The subtle art of awkwardness | Nicola Abela Garrett

The MADC Playhouse will stage Nobel Prize-winning playwright Harold Pinter’s The Homecoming – in which a family’s dark secrets unravel before our eyes – on April 12 through to 14. We speak to actress Nicola Abela Garrett, who will be playing Ruth, the outsider who sets the blackly comic farce in motion.

Nicola Abela Garrett: “Pinter makes his scenes ‘awkward’ not only through the conversations he creates, but also through the scenario.”
Nicola Abela Garrett: “Pinter makes his scenes ‘awkward’ not only through the conversations he creates, but also through the scenario.”

Was it difficult to grapple with the work of a master like Harold Pinter?

I was lucky enough to study Pinter's The Birthday Party at University, so that did somewhat prepare me for his labyrinth of words. However, it was challenging but equally enjoyable decoding his dialogue, and extracting that glimmer of naturalism from his surreal conversations. I noticed that it may look strange on paper, but his verses brutally mimic human speech.

The play is a claustrophobic, deeply awkward thing: how did you deal with the tension in the play, and what did you find was the best way to pull it off?

We played with that tension. We used it as leverage to ride through the performance text (that includes both the play text and the mise-en-scène).

Pinter makes his scenes 'awkward' not only through the conversations he creates, but also through the scenario. On top of that, he illustrates this 'awkwardness' through the infamous 'Pinter Pauses'.

It's awkward for the characters, and it's awkward for the actors. But these are another feature which the actor has to enjoy decoding when working on a Pinter piece. You have to decipher which ones make sense to be prolonged, and which ones should be brief.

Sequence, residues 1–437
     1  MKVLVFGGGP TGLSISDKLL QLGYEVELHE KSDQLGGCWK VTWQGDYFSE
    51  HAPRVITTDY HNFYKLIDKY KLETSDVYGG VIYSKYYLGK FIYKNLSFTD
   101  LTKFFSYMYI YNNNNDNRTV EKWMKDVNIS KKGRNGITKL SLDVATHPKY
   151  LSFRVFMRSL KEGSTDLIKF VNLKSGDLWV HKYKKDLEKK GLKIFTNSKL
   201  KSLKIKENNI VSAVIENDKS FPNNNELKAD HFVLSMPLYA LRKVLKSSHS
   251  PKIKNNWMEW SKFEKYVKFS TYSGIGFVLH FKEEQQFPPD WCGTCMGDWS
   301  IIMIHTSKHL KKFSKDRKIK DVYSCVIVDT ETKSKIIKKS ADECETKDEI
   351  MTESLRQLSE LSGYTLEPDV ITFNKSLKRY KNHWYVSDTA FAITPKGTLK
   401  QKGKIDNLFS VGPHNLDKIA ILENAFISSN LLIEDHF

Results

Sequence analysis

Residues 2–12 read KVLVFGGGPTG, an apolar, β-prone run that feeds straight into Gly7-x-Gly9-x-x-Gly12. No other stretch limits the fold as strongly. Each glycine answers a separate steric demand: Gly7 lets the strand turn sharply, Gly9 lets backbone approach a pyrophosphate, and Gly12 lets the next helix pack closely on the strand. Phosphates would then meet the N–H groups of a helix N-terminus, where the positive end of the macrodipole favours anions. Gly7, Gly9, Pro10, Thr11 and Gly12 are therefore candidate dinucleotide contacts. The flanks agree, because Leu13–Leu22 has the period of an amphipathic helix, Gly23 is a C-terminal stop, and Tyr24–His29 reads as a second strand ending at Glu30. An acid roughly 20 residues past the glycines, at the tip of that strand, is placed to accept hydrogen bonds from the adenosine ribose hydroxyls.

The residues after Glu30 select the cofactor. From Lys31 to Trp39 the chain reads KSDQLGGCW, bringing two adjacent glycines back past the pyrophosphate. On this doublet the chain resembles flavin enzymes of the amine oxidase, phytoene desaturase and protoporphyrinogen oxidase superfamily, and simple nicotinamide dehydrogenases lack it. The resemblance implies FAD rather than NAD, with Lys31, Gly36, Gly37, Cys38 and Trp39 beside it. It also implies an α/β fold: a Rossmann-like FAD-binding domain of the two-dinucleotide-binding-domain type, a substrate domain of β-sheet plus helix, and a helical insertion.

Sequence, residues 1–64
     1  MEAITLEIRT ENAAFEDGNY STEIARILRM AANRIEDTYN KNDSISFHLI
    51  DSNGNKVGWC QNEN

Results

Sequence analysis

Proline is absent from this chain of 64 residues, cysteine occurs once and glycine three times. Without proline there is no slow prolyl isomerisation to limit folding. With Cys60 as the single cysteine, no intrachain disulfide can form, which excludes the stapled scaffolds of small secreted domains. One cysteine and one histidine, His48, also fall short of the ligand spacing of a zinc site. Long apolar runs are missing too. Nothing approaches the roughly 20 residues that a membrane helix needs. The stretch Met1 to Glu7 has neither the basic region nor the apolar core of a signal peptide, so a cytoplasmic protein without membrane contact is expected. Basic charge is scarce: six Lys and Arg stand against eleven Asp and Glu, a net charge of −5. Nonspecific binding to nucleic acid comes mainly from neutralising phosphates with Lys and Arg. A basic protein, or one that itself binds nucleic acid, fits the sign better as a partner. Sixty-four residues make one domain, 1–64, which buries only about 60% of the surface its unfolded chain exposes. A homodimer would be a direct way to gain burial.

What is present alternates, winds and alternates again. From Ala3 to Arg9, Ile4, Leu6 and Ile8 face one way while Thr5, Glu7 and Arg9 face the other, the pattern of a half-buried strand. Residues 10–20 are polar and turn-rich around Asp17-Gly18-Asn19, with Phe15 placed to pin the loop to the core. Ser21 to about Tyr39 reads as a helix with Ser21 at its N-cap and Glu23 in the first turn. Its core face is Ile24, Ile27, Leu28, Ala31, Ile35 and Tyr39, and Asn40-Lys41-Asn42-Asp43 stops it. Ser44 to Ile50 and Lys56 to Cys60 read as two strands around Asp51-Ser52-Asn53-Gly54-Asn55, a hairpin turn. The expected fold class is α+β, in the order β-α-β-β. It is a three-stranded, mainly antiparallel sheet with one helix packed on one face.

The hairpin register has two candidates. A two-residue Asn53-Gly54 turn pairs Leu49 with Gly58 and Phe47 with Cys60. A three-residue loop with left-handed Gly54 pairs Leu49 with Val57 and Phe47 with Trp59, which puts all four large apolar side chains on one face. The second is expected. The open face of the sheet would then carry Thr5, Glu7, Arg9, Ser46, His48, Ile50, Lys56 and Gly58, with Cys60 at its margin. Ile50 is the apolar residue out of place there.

Your character, Ruth, is definitely the outsider of this scenario. What does she bring to this heady concoction and - perhaps more importantly - was she fun to play?

Ruth's a MILF. I do MILFS well. She is the outsider and this is highlighted by the fact that she does more silence than speech. However, Pinter effectively turns this round by her bursts of sudden dominance throughout the play. Because she does a lot of observing, my Pinter pauses are twice as pregnant. She's an almost silent role who has a sharp whip of a tongue that lashes out when you least expect it.

How would you describe the MADC Playhouse initiative, and how did the ethos behind it contribute to this production?

I'm a very proud member of the MADC, and I'm extremely grateful for all the opportunities they've given me over the years as a blossoming actor.

They welcome young people with open arms to get involved in theatre, and we've recently been using the Playhouse more frequently for productions other than the One Acts. With V18 coming up, I think it's a great initiative to have a theatre landmark outside of the capital, located in a typical Maltese town.

It's allowed a monumental play such as The Homecoming to be staged in an intimate and cosy space. Coming up the stone flight of stairs is like ascending into an attic, and finding a gem such as this play being unfolded.

The Homecoming will be staged at the MADC Clubrooms, Sta Venera. Tickets at €10 can be booked through MADC online or by calling 79 796232.

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